A vision of "productive longevity" lies behind the recommendations made by the Tripartite Workgroup on Older Workers, Manpower Minister Josephine Teo said yesterday.
Speaking at the annual dinner of the Economic Society of Singapore at Mandarin Orchard hotel, Mrs Teo explained the thinking behind the recent move to raise the retirement and re-employment ages, as well as Central Provident Fund contributions for older workers.
Prime Minister Lee Hsien Loong announced on Sunday during his National Day Rally speech that the retirement age will go up to 63 in 2022, and eventually to 65 by 2030. The re-employment age will also go up from 67 now to 68 in 2022, and eventually to 70 by 2030.
CPF contribution rates will also be raised over the next 10 years or so for workers aged 55 to 70 so they can build up more retirement savings.
Mrs Teo said this vision of productive longevity is political, social and economic in nature.
"It is a political choice to treat our ageing workforce as an opportunity and not a burden, to enable our people to contribute as long as they wish... We allocate resources and update policy to support this choice," she said.
Mrs Teo added that it is also part of Singapore's political values to share the effort that is required.
"We are expecting employers to do their part to develop inclusive workforces and progressive workplaces. For example, physically demanding jobs may need to be redesigned to reduce the strain on older workers. They may also need to cater to some older workers' desire to work at a lower intensity at this phase of their lives," she said.
She noted that workers must also be willing to reskill and move into new roles, while accepting that beyond a certain age, the terms and conditions of employment may change. They must also participate in helping their employers transform to stay competitive.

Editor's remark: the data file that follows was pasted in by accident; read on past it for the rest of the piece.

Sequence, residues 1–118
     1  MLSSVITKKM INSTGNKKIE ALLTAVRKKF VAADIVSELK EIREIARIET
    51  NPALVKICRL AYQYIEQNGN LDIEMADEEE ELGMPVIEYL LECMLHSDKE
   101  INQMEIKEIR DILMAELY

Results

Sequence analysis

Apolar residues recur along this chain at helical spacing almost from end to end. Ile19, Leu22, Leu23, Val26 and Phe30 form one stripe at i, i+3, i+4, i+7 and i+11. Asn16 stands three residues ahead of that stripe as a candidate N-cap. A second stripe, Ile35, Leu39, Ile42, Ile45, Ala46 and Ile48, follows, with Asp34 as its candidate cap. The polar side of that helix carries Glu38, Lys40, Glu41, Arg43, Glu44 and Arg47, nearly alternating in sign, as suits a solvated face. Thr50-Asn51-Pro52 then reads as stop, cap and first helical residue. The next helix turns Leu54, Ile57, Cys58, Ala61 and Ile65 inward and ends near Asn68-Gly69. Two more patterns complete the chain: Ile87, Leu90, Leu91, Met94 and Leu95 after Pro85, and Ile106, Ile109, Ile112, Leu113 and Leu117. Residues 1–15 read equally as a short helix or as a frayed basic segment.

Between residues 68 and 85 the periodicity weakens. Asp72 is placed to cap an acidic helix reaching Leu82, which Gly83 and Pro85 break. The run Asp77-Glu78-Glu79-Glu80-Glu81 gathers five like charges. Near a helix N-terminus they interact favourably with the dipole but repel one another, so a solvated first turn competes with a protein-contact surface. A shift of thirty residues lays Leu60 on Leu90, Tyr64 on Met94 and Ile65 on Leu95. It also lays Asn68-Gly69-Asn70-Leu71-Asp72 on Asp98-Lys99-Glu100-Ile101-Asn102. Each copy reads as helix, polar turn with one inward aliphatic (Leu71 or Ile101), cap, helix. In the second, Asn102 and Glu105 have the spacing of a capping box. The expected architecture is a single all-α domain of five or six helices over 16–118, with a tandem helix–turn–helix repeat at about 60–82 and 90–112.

The Government must also support workers and businesses, she said. More details on a package of support will be shared in next year's Budget.
"We accepted the workgroup's recommendation that a package of wage offsets will help bring relief throughout the next decade of changes to the retirement and re-employment age. Each time the CPF rate is adjusted, transition support will also be provided," she said.
The growing pool of older workers is a resource businesses can tap.
"This can potentially bring some relief to a tight labour market (and) help employers better meet their manpower needs," Mrs Teo noted.
She said work is often an integral part of a person's identity, apart from producing income and imp-roving one's retirement adequacy. "The engagement, relationships and sense of purpose derived from work contributes to the health of older workers."
Having a retirement age also remains relevant today. The Retirement Age Act was introduced in 1993.
Mrs Teo said: "The Retirement Age Act (now the Retirement and Re-employment Act) prevents employers from prematurely dismissing an older worker because of age. It provides legal protection for our older workers. But it does not take away an older worker's freedom to stop working any time he or she wishes."
Mrs Teo also touched on how the pace of the changes is calibrated.
"Only the first two moves have been pinned down - on Jan 1, 2021, for the CPF rate hike, and on July 1, 2022, for the retirement and re-employment age. The remaining moves will be a matter for tripartite consultation, which can take into account the evolving economic landscape and still provide ample notice to employers and workers," she said.